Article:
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Home • Stephanosporaceae sp. PMI 697 v1.0
Stephanosporaceae sp. PMI 697
Mycelium of Stephanosporaceae sp. PMI 697 growing on Modified Melin-Norkrans (MMN) agar in a petri dish (right). Dikaryotic nuclei are evident when stained with DAPI (left top and bottom). Photo credits: Alejandro Rojas.

In the “1KFG: Deep Sequencing of Ecologically-relevant Dikarya“ project (CSP1974), we aim to sequence additional sampling of genomic diversity within keystone lineages of plant-interacting fungi and saprophytic fungi that are of special ecological importance for understanding terrestrial ecosystems. In addition, comparative genome analysis with saprotrophic, mycorrhizal and pathogenic fungi will provide new insights into the specific and conserved adaptations associated with each fungal lifestyle. Researchers who wish to publish analyses using data from unpublished CSP genomes are respectfully required to contact the PI and JGI to avoid potential conflicts on data use and coordinate other publications with the CSP master paper(s).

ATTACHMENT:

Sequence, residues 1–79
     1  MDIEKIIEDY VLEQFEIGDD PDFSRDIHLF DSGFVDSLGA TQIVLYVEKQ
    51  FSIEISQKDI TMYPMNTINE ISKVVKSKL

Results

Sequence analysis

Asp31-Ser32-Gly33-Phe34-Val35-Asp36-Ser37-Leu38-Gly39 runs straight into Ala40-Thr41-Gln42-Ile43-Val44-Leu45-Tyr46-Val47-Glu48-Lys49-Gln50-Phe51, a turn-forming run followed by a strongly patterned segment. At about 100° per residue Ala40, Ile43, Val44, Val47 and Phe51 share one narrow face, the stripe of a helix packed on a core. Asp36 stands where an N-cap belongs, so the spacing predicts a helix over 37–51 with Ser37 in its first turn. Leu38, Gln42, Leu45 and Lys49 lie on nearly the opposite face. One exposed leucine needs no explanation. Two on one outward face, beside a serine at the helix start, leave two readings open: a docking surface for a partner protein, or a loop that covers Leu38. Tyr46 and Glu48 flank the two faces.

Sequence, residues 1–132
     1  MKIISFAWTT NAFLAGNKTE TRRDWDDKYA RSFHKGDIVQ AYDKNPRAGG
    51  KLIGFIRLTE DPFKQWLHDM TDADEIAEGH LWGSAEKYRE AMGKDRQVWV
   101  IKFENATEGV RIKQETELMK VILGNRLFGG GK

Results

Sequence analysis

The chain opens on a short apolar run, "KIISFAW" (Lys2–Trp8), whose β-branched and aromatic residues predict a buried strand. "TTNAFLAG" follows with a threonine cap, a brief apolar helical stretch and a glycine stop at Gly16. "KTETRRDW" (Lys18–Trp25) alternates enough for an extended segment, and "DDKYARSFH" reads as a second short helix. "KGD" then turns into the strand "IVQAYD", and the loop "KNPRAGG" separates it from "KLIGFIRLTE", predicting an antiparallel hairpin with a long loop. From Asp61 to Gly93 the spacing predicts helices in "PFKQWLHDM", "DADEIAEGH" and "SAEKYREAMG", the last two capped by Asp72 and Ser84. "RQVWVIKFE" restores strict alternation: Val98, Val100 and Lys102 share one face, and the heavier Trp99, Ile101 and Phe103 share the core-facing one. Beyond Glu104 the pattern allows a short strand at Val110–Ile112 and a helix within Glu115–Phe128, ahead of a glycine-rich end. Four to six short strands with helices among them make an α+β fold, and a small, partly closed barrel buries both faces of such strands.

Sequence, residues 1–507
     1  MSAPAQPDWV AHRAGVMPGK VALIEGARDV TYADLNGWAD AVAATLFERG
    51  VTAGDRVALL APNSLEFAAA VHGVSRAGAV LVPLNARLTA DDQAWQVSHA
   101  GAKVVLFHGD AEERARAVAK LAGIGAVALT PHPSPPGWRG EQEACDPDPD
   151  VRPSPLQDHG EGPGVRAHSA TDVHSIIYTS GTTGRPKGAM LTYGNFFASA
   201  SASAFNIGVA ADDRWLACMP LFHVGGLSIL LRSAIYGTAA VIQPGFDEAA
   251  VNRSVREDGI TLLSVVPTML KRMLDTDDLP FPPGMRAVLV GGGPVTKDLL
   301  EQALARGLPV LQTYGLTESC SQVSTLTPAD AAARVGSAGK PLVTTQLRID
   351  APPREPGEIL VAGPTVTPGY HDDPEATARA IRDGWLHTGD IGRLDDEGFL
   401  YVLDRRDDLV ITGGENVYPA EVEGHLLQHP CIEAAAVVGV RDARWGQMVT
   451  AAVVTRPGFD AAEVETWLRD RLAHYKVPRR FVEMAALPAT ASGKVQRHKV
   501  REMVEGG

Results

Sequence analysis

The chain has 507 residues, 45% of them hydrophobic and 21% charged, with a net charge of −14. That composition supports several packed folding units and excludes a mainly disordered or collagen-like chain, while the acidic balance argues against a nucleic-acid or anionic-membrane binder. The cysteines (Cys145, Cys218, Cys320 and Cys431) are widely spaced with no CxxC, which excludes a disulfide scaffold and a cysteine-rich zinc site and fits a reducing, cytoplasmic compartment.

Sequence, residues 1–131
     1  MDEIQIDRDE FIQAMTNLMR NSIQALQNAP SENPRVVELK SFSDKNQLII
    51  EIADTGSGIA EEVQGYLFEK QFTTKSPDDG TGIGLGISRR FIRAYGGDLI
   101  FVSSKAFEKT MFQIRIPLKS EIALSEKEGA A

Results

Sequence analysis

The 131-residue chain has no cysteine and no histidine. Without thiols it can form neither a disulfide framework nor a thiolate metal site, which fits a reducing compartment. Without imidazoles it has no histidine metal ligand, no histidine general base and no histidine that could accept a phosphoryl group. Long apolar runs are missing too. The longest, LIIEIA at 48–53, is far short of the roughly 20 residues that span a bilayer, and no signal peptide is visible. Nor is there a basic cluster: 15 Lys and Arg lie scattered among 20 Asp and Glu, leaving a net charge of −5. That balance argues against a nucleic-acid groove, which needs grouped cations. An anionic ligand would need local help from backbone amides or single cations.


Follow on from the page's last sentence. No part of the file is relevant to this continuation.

Corticioid fungi is a diverse but understudied group of fungi that forms a crust or corticioid fruiting body. Most members are considered saprophytes, while some are also classified as parasites or plant pathogens. Recent classifications suggest that PMI 697 is actually in the Stephanosporaceae family (part of the corticoid fungi) and that it is closely related to Lindtneria. PMI 697 was isolated from the roots of Populus spp. as an endophyte and it exhibits dikaryotic mycelia. Family members related to PMI 697 are mostly from environmental sequencing in the US and Australia as well as fruiting bodies from Ecuador and India. The actual specimens classified within the same group as PMI 697 exhibit small hypogeus sporocarps and a few have been associated with an ectomycorrhizal lifestyle.

This work is supported by the Genomic Science Program (U.S. Department of Energy) Plant Microbe Interfaces (PMI) Scientific Focus Area (http://pmi.ornl.gov) and by the Joint Genome Institute (U.S. Department of Energy) through their Community Sequencing Program (CSP 1974, 1KFG: Deep Sequencing of Ecologically-relevant Dikarya, F. Martin PI).